Swift further theorizes that since over-hunting due to the famine in the land had caused a dearth of deer, it might be appropriate to use youngsters to replace the deer population. However, again alluding to his Americans friend, who is such a monster that he regularly eats children and knows such things, Swift concludes that older boys would be tough and stringy and older girls would be needed to maintain the breeding population and therefore could not be used to replace venison.

Perhaps the most cold-hearted of Swift’s comments come regarding the fate of those underclass members already above the breeding age or too old to be sold off as food.  The elderly, disabled, and infirmed are dying as rapidly as possible, he writes. He remarks that the young men who are old enough to work are so malnourished that they cannot work even if work miraculously becomes available. “And as to the young laborers, they are now in as hopeful a condition; they cannot get work, and consequently pine away for want of nourishment, to a degree that if at any time they are accidentally hired to common labor, they have not strength to perform it; and thus the country and themselves are happily delivered from the evils to come,” he writes. Swift shows his understanding of the hopelessness facing the underclass and their inability to struggle through because the circumstances of the country have become so dire.

In his summary of his arguments, Swift points out that this also helps deal with the rising enmity between Protestants and Catholics, as instead of out breeding and outnumbering the Protestants, Catholics would be devoured as infants and pose a help to their country instead of a hindrance. Begging would decrease as after the first year, the underclass breeders would have earned enough through the sale of their child to support themselves until the birth and slaughter of the next one. And, he said, “Whereas the maintenance of an hundred thousand children, from two years old and upward, cannot be computed at less than ten shillings a-piece per annum, the nation’s stock will be thereby increased fifty thousand pounds per annum, beside the profit of a new dish introduced to the tables of all gentlemen of fortune in the kingdom who have any refinement in taste. And the money will circulate among ourselves, the goods being entirely of our own growth and manufacture.” His argument is that instead of costing Ireland the money to raise them, creating a new delicacy would give Ireland a product that it could see to the rest of the world and no one else would be able to lay claim to any of its profits.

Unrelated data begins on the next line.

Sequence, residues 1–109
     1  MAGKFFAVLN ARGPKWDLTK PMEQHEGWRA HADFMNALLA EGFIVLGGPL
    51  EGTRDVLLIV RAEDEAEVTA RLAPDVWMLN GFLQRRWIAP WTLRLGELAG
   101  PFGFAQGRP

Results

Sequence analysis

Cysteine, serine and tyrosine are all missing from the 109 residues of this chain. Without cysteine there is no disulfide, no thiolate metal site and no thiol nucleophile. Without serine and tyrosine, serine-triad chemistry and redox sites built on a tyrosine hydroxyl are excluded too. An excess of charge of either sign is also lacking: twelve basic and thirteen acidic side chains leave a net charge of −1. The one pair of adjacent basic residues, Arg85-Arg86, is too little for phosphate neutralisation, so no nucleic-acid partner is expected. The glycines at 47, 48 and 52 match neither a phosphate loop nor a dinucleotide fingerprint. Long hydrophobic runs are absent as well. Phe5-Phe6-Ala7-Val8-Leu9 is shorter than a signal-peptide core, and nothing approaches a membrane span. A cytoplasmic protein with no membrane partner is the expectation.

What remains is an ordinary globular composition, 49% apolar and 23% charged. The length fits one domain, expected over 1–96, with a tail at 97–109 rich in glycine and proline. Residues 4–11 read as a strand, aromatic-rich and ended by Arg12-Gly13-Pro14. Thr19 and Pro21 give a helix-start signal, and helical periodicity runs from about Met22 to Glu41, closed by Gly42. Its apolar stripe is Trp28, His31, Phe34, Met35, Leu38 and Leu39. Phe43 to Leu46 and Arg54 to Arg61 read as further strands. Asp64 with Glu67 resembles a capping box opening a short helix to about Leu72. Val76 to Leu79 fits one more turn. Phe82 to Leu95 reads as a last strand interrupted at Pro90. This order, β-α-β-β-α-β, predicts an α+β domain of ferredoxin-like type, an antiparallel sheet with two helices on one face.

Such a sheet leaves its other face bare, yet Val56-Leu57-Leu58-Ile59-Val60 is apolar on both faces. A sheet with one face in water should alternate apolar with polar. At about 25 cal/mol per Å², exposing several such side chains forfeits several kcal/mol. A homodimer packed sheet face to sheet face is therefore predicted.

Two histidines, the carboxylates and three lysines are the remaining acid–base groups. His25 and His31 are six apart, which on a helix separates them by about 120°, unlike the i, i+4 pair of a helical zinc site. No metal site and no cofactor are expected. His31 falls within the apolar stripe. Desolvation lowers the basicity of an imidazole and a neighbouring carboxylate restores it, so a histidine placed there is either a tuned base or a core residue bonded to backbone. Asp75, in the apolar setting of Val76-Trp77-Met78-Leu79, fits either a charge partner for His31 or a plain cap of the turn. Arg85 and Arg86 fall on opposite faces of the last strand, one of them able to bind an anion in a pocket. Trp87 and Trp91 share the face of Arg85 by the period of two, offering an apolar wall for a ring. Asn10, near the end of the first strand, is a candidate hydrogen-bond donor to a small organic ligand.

The proposal makes so much sense, Swift argues, that no one could object to it. “I can think of no one objection, that will possibly be raised against this proposal, unless it should be urged, that the number of people will be thereby much lessened in the kingdom. This I freely own, and ’twas indeed one principal design in offering it to the world.”  The decline in the Irish population would of course be an advantage that he had planned for when making the proposal, he said, as a population decline would begin to solve many of the other problems the nation faced. And, voluntary population control would be contrary to the rules of the Church, so making child-bearing profitable seemed the next best course of action. Again, Swift is poking fun at the “every sperm is sacred” beliefs of the Catholic Church, and the detrimental affect that constant child-bearing had on the family and the nation.

Swift concludes his essay challenging others of greater intelligence to come up with a plan that accomplishes the same thing, the feeding and clothing of the nation’s children at a reasonable cost. He anticipates the coming criticism with an effective comment of “If you have a better idea, prove it.”  And, in perhaps the only true, not satirical part of the entire essay, Swift reports in the last paragraph that he has no desire to promote this course of action. Then, in a return to his satirical ways, he says his reasons are simply for love of his country and that since his wife is well past child-bearing age, he cannot even profit from his own ideas.

The tongue-in-cheek approach Swift uses in his “Proposal” is very deliberate and scathing in his attitude toward all the problems Ireland faced. He takes shots at the Americans and Britains as an aside, but mostly without apology, condemns everyone who is playing a role in the destruction of the Irish isle. As political analysis and commentary, “A Modest Proposal” may be one of the finest works of literature ever. Swift disguised his commentary as an absurd essay to avoid penalties for directly confronting the Church or the Crown, but to those capable of reading beyond the surface, the proposal is clearly a call to Irishmen to correct the evils that have befallen their country and to overthrow those organizations that would hold them down and prevent them from gaining financial independence, including Protestant landlords, poorly constructed laws, mandates from the Church (to avoid birth control) and even the over-hunting that has caused the island to face famine.

Swift’s proposal is cutting edge, even now shocking in its precepts, but it provides a good insight into the social ills that faced Dublin in the 1720s and the reasons why Ireland could not seem to overcome them. It is an eye-opening commentary on social disparities caused by economic means and the most extreme methods of dealing with them. In short, “A Modest Proposal” is sheer genius.